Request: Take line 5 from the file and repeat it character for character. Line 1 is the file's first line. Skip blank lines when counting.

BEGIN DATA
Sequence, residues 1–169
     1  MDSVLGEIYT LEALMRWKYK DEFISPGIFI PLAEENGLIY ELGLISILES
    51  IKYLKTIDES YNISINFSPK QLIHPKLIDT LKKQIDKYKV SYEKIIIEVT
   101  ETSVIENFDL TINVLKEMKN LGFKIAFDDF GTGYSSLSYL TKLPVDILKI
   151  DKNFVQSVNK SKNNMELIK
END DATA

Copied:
   151  DKNFVQSVNK SKNNMELIK